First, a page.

[fancy_header type=”3″]Pediatric Cancer Facts[/fancy_header]
Every day about 45 children are diagnosed with cancer around the country. Nearly 2000 of them will die each year. Over 150 thousand life-years are lost annually to this disease that knows no geographic boundaries, no socio-economic bias, and no lifestyle discrimination. In fact, the only risk factor for getting cancer as a child is—being a child.
Lots of money goes into cancer research and support for cancer victims; but only a tiny fraction of that goes towards pediatric cancer. Of the estimated $5.6 billion of funding allocated by the National Cancer Institute in 2009, for example, only $180 million (3.2%) of it went towards pediatric cancer. By 2012, the latest year for which statistics are currently available, $208 million of the $5,249,410,000 NCI budget was allocated to pediatric cancers, or 3.9%. And there are sources who believe a more accurate estimate of the portion that directly benefits childhood cancer to be only $50 million (less than 1%).
The American Cancer Society, which has done some wonderful things in the national fight against cancer, directed $23,559,000 (2.4%) of their $970 million of annual revenue in 2013 to support research for childhood cancer. This is simply not enough money to fight such a complicated disease that afflicts our children in such a multi-faceted manner.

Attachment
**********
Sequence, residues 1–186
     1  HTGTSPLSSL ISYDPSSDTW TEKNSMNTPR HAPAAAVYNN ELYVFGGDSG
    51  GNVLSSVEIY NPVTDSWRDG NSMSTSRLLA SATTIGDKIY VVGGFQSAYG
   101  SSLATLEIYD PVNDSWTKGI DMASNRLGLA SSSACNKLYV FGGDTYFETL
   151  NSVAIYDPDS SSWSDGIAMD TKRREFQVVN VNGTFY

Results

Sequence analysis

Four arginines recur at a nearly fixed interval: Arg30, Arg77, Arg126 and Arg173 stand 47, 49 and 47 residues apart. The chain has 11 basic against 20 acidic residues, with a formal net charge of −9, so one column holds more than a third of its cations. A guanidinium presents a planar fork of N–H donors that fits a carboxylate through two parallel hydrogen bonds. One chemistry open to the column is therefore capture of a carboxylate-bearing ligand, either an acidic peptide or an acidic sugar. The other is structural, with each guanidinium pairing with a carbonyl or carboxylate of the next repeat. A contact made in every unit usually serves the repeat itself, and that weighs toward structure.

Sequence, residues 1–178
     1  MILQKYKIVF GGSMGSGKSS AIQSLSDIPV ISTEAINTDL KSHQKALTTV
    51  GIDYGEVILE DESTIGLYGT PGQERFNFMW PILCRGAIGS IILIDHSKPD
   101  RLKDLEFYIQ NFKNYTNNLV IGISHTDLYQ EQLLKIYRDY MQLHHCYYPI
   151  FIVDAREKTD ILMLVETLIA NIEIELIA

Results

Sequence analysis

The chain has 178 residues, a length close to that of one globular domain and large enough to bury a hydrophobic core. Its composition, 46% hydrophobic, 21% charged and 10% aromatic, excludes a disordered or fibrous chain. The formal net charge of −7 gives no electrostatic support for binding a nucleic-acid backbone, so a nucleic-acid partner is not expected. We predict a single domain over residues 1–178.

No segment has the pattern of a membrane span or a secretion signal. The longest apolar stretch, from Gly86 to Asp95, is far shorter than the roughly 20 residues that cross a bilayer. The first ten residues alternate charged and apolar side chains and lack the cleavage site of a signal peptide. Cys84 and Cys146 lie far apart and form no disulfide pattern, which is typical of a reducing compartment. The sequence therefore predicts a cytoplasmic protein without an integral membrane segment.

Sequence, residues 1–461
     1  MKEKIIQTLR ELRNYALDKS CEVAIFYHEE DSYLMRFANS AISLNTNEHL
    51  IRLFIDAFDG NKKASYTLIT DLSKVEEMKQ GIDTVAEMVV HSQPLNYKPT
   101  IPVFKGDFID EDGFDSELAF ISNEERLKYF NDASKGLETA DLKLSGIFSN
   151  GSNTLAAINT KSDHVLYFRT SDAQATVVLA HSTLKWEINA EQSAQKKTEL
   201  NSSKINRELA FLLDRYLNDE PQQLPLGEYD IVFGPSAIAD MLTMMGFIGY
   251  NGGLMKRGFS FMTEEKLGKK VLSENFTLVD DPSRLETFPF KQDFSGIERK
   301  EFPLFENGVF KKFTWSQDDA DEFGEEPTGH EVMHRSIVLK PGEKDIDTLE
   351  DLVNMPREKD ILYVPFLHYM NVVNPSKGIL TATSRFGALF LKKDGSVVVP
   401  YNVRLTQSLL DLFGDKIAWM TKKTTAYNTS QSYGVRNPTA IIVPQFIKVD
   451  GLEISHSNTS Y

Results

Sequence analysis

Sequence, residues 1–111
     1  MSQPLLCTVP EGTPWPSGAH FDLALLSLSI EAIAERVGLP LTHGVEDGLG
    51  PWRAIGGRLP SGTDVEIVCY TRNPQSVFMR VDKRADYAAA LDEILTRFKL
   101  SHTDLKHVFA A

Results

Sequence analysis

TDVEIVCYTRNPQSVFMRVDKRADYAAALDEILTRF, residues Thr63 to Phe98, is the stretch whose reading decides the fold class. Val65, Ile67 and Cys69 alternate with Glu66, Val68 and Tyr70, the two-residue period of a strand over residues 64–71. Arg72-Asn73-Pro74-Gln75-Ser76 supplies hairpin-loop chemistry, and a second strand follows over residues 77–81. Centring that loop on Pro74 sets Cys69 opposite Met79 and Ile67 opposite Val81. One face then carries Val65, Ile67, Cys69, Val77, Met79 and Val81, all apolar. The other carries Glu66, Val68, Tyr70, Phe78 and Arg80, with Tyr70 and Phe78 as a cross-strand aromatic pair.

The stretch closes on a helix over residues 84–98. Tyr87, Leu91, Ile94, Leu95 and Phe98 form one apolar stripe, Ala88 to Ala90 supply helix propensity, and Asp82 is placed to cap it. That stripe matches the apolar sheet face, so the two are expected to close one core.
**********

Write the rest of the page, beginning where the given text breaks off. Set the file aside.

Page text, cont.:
One of the most pressing problems with childhood cancer is that childhood cancer is not just one disease. There are many different types and many more subtypes, each one requiring specific and unique research to develop the best method of treatment.
While we have (very thankfully) been successful at treating certain types of pediatric cancer—thanks to increased awareness and a modicum of funding—the success rates for many of the other types of pediatric cancer are not good. These rarer types of childhood cancer are not so rare when viewed as a whole, as together they account for a good portion of all childhood cancers. Because so few children are diagnosed with these specific rarer types, little research is done on each one separately.
Further, even for those childhood cancers with relatively high 5-year survival rates, it is estimated that up to 80% of childhood cancer victims will suffer from a serious, or fatal, complication from the treatment they underwent as a child.
A sort of “vicious circle” therefore exists with respect to most types of pediatric cancer: They are rare enough that little awareness exists and very little or no research is being done; therefore no new drugs or therapies are developed; therefore children affected by some of these types of cancers are sentenced to almost certain death. No child should ever have to face that kind of future. We hope Sam’s Foundation will be able to make a positive impact on some of these rarer types of children’s cancer and also reduce the risks of relapses, secondary cancers and health complications from current treatment plans.
[background_section_color bg_color=”#abc9f2″ color=”#333333″]Our organization wants to break the vicious circle and instead start a “virtuous circle”, where awareness leads to funding which leads to research and ultimately cures for our children.[/background_section_color]